Comment: Re:They already have (Score 1) 661

by Bruce Perens (#48882135) Attached to: US Senate Set To Vote On Whether Climate Change Is a Hoax

Oh, do I have to qualify that for you, like the hottest outside of a period of Milankovitch Forcing? Gee, maybe the Earth's orbit changed, like back then, and we just didn't notice.

Let's take a look at one of the references you cited:

A section of a draft IPCC report, looking at short-term trends, says temperatures are likely to be 0.4 to 1.0 degree Celsius (0.7-1.8F) warmer from 2016-35 than in the two decades to 2005. Rain and snow may increase in areas that already have high precipitation and decline in areas with scarcity, it says.

It sounds like we have reason to be alarmed.

Comment: Re:They already have (Score 1) 661

by Bruce Perens (#48882097) Attached to: US Senate Set To Vote On Whether Climate Change Is a Hoax

Well, I am trying to get through to you. You wrote that the hiatus was widely acknowledged by scientists! It's like talking with someone who believes in god - they have no facts, and no facts will convince them, and they create their own "science" which is nothing of the sort to bolster their viewpoint. So, I tried another another argument. But let's go back to the first. Nobody credible believes in a hiatus.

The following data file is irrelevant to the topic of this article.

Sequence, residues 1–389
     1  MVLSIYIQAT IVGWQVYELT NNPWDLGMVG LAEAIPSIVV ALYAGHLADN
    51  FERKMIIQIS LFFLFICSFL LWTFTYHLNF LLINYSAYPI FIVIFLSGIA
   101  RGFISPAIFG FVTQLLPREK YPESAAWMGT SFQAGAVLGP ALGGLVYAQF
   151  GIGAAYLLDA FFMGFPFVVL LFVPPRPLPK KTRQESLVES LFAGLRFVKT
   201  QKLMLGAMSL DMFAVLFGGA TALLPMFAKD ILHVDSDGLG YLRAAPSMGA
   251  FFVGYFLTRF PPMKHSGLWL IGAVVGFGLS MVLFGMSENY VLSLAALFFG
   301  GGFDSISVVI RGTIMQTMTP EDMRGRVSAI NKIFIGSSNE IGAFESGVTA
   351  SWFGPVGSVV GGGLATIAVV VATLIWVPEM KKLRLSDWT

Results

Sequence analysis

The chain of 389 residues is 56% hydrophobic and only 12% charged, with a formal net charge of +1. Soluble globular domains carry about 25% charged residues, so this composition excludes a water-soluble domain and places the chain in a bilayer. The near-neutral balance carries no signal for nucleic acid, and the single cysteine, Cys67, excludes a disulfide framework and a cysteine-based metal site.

Comment: Re:They already have (Score 1) 661

by Bruce Perens (#48882067) Attached to: US Senate Set To Vote On Whether Climate Change Is a Hoax

Calling names isn't going to advance your argument.

Orbital models only have two variables when there are two bodies. In reality we are always dealing with an n-body problem. Regarding atmospheric models, we have weather, which is too chaotic to forecast, and climate, which should not be.

We could sit back 100 years and see what is happening then, so that we have lots of good data points, but potentially at the cost of widespread famine, death, etc.

We have excellent reasons to stop releasing sequestered carbon even if we ignore global warming.

Comment: Re:Yeah! (Score 1) 506

by Bruce Perens (#48881555) Attached to: Senator Who Calls STEM Shortage a Hoax Appointed To Head Immigration

If they can pull more people out of poverty, what the U.S. does won't matter to China and India because their domestic markets will be larger than the United States. Currently they have even worse social inequity than we do, and the poor performance of their own markets forces their own people to look elsewhere for work.

"Being against torture ought to be sort of a bipartisan thing." -- Karl Lehenbauer

Working...